The Berean Expositor
Volume 48 - Page 171 of 181
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in word and deed, in our dealings with one another to preserve (or guard) the spiritual
oneness. For it is a `oneness' which exists by reason of `the peace'. The peace which we
all enjoy with God was made `through the blood of His cross' (Col. 1: 20), and it is the
`bond' which binds us together. The bond is a strong one, it can be translated `cramp'.
We are bound together, `cramped' (or clamped) together because we each have peace
with God.  Here, as always, our relationships with each other result from a prior
relationship with God and not, as is sometimes suggested that our relationship with God
depends upon our right relationship with one another.
When we come to verse 4, The Companion Bible note suggests, "Ye are" as better
than "There is one body, and one Spirit, even as ye are called in one hope of your
calling". This would seem to supply the sense better: being bound together with the
peace, says Paul, ye are one Body, and indeed, have one Spirit, for "If any man have not
the Spirit of Christ, he is none of His" (Rom. 8: 9). On this basis it would seem almost
difficult not to keep the spiritual oneness, yet we all know from our own experience that,
in spite of the fact that we are one in Christ, it is only too easy for that oneness to
disappear on occasions. Hence the need to `give diligence' to this matter. Yet in addition
there is but "One Lord, one faith, one baptism, one God and Father of all, who is above
all, and through all, and in you all". Notice there is one God Who is the Father of all, and
not only so, He is also above all, through all, and in you all. God has supplied the
strongest possible basis on which to preserve the spiritual oneness. Self, in its varied and
multitudinous forms, destroys what God has established; how much we need to "Let this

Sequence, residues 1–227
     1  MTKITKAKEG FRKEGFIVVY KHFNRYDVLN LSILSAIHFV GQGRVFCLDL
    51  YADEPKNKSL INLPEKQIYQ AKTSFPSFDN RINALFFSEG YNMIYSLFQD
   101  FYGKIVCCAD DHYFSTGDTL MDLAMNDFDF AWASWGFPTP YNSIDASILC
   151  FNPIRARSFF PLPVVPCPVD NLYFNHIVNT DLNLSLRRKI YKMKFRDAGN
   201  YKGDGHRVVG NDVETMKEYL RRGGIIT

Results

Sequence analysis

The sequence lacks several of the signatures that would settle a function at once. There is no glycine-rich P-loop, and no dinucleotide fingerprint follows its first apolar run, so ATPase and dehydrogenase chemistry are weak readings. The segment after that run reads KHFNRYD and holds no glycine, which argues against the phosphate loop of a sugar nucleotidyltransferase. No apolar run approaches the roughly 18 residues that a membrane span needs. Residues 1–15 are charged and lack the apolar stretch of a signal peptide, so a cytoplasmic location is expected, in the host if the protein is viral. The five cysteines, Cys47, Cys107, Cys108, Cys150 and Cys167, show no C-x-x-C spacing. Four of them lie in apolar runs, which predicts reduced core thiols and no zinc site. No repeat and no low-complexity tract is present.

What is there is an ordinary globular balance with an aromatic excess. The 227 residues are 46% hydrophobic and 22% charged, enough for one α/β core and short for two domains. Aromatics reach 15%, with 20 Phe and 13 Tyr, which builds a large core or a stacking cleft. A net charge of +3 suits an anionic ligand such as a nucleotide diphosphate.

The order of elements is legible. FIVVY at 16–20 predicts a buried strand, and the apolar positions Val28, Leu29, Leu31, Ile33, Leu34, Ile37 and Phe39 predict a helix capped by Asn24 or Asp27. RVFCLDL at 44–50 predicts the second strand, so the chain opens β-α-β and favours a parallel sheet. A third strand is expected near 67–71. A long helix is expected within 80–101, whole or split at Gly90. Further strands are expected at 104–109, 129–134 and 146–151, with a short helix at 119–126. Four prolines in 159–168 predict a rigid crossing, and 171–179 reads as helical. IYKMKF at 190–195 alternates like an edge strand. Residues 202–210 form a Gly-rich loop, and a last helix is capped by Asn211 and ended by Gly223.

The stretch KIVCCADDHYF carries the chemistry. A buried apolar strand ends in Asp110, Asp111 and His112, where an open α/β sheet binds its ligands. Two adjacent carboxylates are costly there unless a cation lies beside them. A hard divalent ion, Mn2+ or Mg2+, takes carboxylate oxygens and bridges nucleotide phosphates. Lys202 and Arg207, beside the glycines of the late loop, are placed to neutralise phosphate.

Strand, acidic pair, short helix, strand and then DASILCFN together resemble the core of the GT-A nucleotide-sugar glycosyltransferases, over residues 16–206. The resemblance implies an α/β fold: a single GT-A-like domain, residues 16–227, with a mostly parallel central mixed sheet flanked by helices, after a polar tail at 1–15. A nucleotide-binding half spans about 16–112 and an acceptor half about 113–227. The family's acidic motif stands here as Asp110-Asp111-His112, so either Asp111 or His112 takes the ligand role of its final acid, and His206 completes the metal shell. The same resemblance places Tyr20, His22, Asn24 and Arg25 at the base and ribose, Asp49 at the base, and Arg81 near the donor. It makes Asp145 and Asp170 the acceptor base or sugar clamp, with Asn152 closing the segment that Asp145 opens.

mind be in you which was also in Christ Jesus"!
The most important, and therefore practical, instruction concerning the worthy walk is
`doctrinal' or `theological'. Here are the basic facts which do not depend upon us in any
way whatsoever, they are all of God.  To these facts we should `give diligence',
`studying' them until we come to `reckon' on them, and to `reckon' with them in our
dealings with each other.
But the worthy walk does not mean that every one has the same responsibilities, the
same capabilities. These are given `according to the measure of the gift of Christ'
(Ephesians 4: 7). "Wherefore (better, `for this reason') He . . . . . gave gifts unto men."
The gifts Paul mentions in particular are gifts of ministers given for certain particular
"For the perfecting of the saints, for the work of the ministry, for the edifying of the
body of Christ: till we all come in the unity of the faith, and of the knowledge of the Son
of God, unto a perfect man, unto the measure of the stature of the fullness of Christ"
(Eph. 4: 12, 13).
Thus it seems that primarily the Will of God for the believer, and therefore the worthy
walk, is concerned with the well-being of the Body. Is this how we live our lives?
Then for the moment Paul turns to the `unworthy walk'. The unworthy walk is very
much concerned with doctrine: the doctrine of `the error'. His desire is that `we be no
longer babes' swayed by the opinions and teachings of men, but that we should come to